Last September, PMFTC Inc., an affiliate of Philip Morris International, opened IQOS stores in Metro Manila to provide better alternatives to adult Filipino smokers who would otherwise continue to smoke or use nicotine-containing products.
“We see smoke-free products as an opportunity to reduce the smoking incidence in the Philippines for the benefit of the public health and society at large,” PMFTC President Denis Gorkun said in a statement.
Dulay said Filipino smokers are at risk of getting sick and die prematurely if they don’t quit. “They should be encouraged to switch to better alternatives such as e-cigarettes,” he said, adding that only 5 percent of the smoking population in the Philippines have switched to e-cigarettes so far.
On July 25, 2019, President Rodrigo Duterte signed into law Republic Act 11346, an act increasing the excise tax on tobacco products and imposing excise tax on heated tobacco and vapor products. The law legally allowed the sale and use of smoke-free products.
Barely six months since the passage of RA 11364, Duterte signed Republic Act 11467 on Jan. 22, 2020 that incrementally increases taxes on excisable cigarettes, e-cigarettes, vapor products, HTPs and alcoholic drinks beginning 2020 until 2025.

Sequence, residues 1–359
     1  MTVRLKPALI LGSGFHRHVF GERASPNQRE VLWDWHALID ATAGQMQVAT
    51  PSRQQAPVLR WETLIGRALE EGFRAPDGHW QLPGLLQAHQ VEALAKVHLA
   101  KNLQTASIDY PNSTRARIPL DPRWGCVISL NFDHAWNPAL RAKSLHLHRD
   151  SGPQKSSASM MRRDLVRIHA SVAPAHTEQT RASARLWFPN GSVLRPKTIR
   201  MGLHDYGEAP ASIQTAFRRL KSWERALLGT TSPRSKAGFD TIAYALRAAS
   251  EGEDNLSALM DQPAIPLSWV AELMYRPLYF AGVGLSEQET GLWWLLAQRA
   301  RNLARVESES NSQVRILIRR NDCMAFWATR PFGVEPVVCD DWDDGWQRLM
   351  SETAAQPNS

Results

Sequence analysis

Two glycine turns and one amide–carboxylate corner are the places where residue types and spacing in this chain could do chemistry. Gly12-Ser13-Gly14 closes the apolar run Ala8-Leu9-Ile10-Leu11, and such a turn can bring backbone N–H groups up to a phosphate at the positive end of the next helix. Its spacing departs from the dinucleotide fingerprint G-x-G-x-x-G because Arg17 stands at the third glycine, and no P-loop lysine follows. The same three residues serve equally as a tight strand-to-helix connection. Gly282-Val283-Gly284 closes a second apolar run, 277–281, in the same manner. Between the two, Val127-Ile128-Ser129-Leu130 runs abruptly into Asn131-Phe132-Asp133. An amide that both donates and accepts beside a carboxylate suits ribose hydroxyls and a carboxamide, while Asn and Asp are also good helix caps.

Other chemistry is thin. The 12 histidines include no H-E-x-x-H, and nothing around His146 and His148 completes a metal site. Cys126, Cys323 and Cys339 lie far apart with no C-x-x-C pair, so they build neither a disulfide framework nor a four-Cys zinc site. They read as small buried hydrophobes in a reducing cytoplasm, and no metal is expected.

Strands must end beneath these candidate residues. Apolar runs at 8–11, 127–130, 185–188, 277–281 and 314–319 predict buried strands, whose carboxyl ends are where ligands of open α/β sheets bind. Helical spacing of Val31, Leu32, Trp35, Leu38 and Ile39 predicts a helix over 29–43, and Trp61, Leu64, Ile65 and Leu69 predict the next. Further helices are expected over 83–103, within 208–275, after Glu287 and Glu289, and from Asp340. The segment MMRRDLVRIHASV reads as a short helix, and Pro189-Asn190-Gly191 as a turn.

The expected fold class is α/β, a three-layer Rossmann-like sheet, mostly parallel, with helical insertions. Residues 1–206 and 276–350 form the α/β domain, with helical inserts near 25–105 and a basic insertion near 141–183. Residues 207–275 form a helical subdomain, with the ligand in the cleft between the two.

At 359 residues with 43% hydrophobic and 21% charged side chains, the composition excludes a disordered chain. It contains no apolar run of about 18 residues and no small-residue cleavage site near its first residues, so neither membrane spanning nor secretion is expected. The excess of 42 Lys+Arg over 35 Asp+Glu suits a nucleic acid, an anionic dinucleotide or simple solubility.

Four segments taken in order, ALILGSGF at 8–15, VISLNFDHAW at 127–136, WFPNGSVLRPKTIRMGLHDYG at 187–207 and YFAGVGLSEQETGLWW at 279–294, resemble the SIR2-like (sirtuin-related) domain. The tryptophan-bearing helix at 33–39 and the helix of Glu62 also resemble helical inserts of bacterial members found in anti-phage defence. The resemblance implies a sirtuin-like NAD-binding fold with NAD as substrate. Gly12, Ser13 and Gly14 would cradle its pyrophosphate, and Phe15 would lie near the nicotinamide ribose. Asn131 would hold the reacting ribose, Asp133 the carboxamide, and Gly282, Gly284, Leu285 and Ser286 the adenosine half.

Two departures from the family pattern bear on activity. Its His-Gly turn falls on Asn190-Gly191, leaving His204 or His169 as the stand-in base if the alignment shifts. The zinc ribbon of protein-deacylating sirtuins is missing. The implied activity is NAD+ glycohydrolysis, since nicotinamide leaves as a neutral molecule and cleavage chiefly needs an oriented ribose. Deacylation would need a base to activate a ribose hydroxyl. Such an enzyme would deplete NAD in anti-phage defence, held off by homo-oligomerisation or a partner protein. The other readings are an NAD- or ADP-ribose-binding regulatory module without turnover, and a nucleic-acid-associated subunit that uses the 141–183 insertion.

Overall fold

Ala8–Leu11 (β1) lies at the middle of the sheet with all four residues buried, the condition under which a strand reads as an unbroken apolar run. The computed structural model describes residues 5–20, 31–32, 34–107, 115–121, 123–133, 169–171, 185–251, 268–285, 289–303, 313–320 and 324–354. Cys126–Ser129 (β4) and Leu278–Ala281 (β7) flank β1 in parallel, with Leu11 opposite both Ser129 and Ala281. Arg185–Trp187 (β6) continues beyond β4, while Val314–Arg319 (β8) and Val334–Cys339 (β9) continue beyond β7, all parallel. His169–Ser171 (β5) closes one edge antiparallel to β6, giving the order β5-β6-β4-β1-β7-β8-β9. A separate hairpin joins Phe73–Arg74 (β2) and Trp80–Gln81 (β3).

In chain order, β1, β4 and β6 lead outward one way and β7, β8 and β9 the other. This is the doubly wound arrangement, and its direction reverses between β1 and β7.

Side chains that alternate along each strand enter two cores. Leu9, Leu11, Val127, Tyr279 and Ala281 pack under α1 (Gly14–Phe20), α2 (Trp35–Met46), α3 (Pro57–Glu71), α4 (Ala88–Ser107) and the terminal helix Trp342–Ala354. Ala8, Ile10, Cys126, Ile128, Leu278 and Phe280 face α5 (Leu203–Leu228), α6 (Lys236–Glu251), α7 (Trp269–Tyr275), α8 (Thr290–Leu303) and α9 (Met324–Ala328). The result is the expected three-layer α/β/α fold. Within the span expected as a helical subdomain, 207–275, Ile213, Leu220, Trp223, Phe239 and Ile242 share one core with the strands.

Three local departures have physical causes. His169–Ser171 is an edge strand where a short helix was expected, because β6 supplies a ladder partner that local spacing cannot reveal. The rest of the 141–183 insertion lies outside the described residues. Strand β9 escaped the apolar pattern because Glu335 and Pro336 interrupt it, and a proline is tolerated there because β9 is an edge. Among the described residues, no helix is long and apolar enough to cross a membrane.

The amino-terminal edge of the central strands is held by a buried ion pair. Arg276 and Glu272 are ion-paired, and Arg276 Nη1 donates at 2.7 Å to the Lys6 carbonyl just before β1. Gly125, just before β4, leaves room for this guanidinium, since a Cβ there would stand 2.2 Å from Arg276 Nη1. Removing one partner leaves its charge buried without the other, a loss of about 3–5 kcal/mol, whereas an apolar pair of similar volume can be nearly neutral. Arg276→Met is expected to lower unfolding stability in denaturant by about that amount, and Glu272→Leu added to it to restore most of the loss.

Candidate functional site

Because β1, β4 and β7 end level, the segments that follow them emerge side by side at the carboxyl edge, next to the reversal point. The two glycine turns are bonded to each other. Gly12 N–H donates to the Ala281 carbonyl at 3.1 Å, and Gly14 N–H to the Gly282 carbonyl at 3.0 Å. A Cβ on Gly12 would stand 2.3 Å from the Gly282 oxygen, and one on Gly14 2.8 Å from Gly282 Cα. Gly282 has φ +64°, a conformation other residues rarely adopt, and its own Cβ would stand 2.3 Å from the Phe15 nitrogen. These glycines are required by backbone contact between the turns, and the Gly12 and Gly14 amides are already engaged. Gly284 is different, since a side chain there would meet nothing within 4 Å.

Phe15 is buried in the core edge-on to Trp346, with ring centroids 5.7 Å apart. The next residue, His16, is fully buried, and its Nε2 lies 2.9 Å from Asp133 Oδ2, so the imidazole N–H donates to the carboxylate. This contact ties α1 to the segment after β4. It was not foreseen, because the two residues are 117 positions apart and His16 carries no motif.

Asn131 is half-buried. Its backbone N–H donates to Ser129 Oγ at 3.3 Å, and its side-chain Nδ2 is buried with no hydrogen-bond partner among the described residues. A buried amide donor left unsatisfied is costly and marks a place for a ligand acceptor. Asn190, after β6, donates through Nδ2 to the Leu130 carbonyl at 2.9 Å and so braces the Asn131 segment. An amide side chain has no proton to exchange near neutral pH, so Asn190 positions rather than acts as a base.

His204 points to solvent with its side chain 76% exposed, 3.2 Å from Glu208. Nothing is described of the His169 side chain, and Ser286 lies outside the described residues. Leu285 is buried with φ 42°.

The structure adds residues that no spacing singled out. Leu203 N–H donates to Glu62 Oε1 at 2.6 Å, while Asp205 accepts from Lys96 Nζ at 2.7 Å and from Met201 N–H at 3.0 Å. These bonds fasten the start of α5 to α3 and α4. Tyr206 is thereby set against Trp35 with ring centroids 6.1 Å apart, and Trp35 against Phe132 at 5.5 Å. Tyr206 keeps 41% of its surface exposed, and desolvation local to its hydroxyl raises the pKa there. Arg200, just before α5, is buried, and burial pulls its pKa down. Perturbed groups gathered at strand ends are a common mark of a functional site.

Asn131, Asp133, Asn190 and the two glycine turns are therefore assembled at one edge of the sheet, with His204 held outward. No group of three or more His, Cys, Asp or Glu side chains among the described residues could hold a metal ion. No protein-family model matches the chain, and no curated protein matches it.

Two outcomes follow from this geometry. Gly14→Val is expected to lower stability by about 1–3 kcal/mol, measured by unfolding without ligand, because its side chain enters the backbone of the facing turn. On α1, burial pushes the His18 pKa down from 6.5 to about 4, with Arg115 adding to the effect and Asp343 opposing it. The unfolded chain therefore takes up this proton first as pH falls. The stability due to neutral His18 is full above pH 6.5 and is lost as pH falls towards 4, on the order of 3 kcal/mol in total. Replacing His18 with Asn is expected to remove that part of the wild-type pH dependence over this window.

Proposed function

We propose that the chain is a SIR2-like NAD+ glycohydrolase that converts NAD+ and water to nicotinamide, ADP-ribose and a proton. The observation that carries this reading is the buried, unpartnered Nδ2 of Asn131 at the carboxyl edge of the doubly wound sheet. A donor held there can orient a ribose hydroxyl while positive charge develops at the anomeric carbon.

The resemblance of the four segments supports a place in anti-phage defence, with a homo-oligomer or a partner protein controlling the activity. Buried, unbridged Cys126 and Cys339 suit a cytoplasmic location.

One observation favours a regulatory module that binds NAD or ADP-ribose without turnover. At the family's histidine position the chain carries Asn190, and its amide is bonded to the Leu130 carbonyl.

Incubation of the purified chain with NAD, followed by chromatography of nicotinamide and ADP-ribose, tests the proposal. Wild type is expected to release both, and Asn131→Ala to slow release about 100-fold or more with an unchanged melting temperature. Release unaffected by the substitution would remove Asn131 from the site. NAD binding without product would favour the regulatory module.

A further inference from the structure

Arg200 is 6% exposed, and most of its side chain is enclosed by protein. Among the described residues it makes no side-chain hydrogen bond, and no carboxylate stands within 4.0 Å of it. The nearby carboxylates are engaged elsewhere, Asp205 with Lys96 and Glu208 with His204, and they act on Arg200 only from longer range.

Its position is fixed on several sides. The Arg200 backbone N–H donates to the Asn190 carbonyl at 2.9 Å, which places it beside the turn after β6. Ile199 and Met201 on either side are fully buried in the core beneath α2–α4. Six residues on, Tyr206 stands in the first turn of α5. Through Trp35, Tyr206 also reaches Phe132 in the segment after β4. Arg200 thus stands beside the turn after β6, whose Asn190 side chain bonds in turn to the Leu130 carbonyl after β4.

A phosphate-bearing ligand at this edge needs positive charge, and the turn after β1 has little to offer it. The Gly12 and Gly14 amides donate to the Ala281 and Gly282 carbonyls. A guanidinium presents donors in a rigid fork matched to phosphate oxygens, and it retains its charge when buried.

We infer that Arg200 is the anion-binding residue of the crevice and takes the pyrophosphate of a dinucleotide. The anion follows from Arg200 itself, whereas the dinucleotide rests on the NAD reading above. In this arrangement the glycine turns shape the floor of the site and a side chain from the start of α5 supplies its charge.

The President then issued Executive Order 106 on Feb. 26, 2020, prohibiting the manufacture, distribution, marketing and sale of unregistered and/or adulterated electronic nicotine/non-nicotine delivery systems, heated tobacco products and other novel tobacco products.
Tasked to come up with the implementing guidelines based on EO 106 and RA 11467, the Food and Drug Administration (FDA) conducted virtual public hearings on October 6 and 8 for vapes and HTPs respectively.
Stakeholders who attended, however, lamented that the public hearings were one-sided. They said the FDA gave pre-recorded lectures instead of a consultation, cherry-picked questions, ignored the concerns of vapers, skipped scientific evidence, and violated the rights of consumers.
During the consultation, a ranking FDA official admitted that the agency received funding from The Union and Bloomberg Initiative, foreign organizations that are advocating against all forms of tobacco products including vapes and HTPs.